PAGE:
15. (2010-05-20)[http://www.dsm5.org/ProposedRevisions/Pages/proposedrevision.aspx?rid=383# Proposed Revision - APA DSM-5 - 314.0x Attention Deficit/Hyperactivity Disorder].
  16. (2010-05-20)Proposed Revision - APA DSM-5 - 314.0x Attention Deficit/Hyperactivity Disorder.
  17. Benedict Carey (2009-02-10). Revising Book on Disorders of the Mind.
  18. (2010-02-13)Proposed Revision - APA DSM-5 - Temper Dysregulation Disorder with Dysphoria.
  19. Carey, Benedict (2010-02-10). Revising Book on Disorders of the Mind.
  20. Dissociative identity disorder at the DSM-V showing proposed revision, page found 2011-06-05.
  21. Dissociative Trance Disorder at the DSM-V showing proposed merger with Dissociative Identity Disorder, page found 2011-06-05.
  22. 22.0 22.1 American Psychiatric Association DSM-5 Development Page for Hypersexual Disorder
  23. Kafka, M. P. (2010). Hypersexual Disorder: A proposed diagnosis for DSM-V. Archives of Sexual Behavior, 39, 377–400.
  24. includeonly>Rubin, Rita. "Psychiatry's bible: Autism, binge-eating updates proposed for 'DSM'", USA Today, 2010-02-09.
  25. includeonly>Template error: argument title is required.
  26. http://health.usnews.com/health-news/family-health/brain-and-behavior/articles/2010/02/10/new-diagnostic-guidelines-for-mental-illnesses-proposed
  27. American Psychiatric Association. (2000). Diagnostic and statistical manual of mental disorders (4th ed., text revision). Washington, DC: Author.
  28. (2010-05-20)Proposed Revision - APA DSM-5 - 313.81 Oppositional Defiant Disorder.
  29. (2010-05-20)Proposed Revision - APA DSM-5 - 313.81 Oppositional Defiant Disorder.
  30. (2010-02-13)Personality and Personality Disorders.
  31. (2010-05-20)Proposed Revision - APA DSM-5 - 307.52 Pica.
  32. (2010-05-20)Proposed Revision - APA DSM-5 - 307.52 Pica.
  33. Schizophrenia and Other Psychotic Disorders. American Psychiatric Association. URL accessed on May 6, 2010.
  34. Escobar JI, Rubio-Stipec M, Canino G, Karno M (1989). Somatic symptom index (SSI): a new and abridged somatization construct. Prevalence and epidemiological correlates in two large community samples. J. Nerv. Ment. Dis. 177 (3): 140–6.
  35. Kroenke K, Spitzer RL, deGruy FV, et al. (1997). Multisomatoform disorder. An alternative to undifferentiated somatoform disorder for the somatizing patient in primary care. Arch. Gen. Psychiatry 54 (4): 352–8.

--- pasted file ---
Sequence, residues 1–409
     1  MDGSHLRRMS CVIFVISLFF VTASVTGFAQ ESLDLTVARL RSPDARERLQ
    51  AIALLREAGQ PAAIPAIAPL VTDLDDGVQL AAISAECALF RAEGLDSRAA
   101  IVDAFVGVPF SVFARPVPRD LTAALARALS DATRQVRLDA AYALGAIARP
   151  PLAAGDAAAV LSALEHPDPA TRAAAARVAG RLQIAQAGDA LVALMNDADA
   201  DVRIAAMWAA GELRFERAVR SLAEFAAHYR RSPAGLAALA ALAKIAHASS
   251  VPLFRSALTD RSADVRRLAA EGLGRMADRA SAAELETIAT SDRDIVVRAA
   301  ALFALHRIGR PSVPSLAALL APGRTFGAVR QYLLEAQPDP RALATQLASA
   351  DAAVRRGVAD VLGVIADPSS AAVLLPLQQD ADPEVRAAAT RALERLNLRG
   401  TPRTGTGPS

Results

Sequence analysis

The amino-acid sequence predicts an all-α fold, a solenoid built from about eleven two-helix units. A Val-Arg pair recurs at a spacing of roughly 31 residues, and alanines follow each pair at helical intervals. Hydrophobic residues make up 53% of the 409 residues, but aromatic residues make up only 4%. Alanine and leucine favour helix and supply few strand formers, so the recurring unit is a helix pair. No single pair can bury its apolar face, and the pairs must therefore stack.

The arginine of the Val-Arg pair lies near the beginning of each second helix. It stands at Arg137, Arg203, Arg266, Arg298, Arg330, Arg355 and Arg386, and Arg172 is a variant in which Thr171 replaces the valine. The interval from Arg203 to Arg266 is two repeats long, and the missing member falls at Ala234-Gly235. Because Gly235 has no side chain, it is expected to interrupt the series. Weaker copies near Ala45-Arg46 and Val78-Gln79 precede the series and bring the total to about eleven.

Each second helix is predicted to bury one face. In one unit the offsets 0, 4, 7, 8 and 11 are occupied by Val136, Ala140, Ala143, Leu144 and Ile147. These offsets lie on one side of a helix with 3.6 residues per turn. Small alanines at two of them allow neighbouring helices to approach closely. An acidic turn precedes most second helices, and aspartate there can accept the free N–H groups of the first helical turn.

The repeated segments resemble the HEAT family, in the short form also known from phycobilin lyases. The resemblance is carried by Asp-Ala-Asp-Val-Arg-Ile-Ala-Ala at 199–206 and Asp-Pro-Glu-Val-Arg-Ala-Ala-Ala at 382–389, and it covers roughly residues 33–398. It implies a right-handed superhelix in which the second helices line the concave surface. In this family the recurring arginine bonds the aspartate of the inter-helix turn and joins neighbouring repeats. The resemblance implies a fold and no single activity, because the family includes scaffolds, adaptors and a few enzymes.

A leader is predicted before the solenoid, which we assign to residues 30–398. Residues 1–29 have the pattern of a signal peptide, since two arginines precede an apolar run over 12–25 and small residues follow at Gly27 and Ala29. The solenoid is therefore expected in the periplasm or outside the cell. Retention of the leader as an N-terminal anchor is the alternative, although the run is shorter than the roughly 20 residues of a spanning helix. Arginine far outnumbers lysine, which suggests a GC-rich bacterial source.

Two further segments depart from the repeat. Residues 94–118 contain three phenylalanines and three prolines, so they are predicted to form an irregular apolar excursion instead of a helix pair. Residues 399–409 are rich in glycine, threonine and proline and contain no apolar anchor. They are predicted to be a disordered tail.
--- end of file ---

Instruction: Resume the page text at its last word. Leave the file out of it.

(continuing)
36. Lynch DJ, McGrady A, Nagel R, Zsembik C (1999). Somatization in Family Practice: Comparing 5 Methods of Classification. Primary care companion to the Journal of clinical psychiatry 1 (3): 85–89.
  37. includeonly>Carey, Benedict. "Psychiatrists Revise the Book of Human Troubles", New York Times, December 17, 2008.
  38. Psychiatrists Propose Revisions to Diagnosis Manual. via PBS Newshour, Feb 10, 2010 (interviews Frances and Alan Schatzberg on some of the main changes proposed to the DSM-5)
  39. [Lisa Cosgrove, Sheldon Krimsky, Manisha Vijayaraghavan, and Lisa Schneider [1]"Financial Ties between DSM-IV Panel Members and the Pharmaceutical Industry"]Psychother Psychosom 2006;75:154–160 DOI: 10.1159/000091772]
  40. [Cosgrove L, Bursztajn HJ, Kupfer DJ, Regier DA. "Toward Credible Conflict of Interest Policies in Clinical Psychiatry" Psychiatric Times 26:1.]
  41. DSM-V Task Force Member Disclosure Report: David J Kupfer, MD. American Psychiatric Association. and DSM-V Task Force Member Disclosure Report: Darrel Alvin Regier M.D.. (PDF) American Psychiatric Association. URL accessed on May 5, 2011.
  42. Registration page for DSM-5 public comment, page found 2011-06-05.
  43. "Suggestions and ideas for members of the work groups were also solicited through the DSM-5 website. The proposed draft revisions to DSM-5 are posted on the website, and anyone can provide feedback to the work groups during periods of public comment."Question 4 on the DSM-5 FAQ, page found 2011-06-05.
  44. Frances, Allen (26 June 2009). A Warning Sign on the Road to DSM-V: Beware of Its Unintended Consequences. Psychiatric Times.
  45. includeonly>Lane, Christopher. "The Diagnostic Madness of DSM-V", Slate, July 24, 2009.
  46. includeonly>Lou Chibbaro Jr.. "Activists alarmed over APA: Head of psychiatry panel favors ‘change’ therapy for some trans teens", Washington Blade, 2008-05-30.
  47. 47.0 47.1 includeonly>Alexander, Brian. "What's ‘normal’ sex? Shrinks seek definition: Controversy erupts over creation of psychiatric rule book's new edition", MSNBC, 2008-05-22. Retrieved on 2008-06-14.
  48. 48.0 48.1 includeonly>Osborne, Duncan. "Flap Flares Over Gender Diagnosis", Gay City News, 2008-05-15. Retrieved on 2008-06-14. [dead link]
  49. Treatment and Research Advancements National Association for Personality Disorders (TARA-APD)
  50. How Advocacy is Bringing BPD into the Light
  51. Aragona M. (2009). The role of comorbidity in the crisis of the current psychiatric classification system Philosophy, Psychiatry & Psychology 16: 1-11
  52. Aragona M. (2009) The concept of mental disorder and the DSM-V Dialogues in Philosophy, Mental and Neuro Sciences 2: 1-14
  53. Sirgiovanni E. (2009) The Mechanistic Approach to Psychiatric Classification Dialogues in Philosophy, Mental and Neuro Sciences 2: 45-49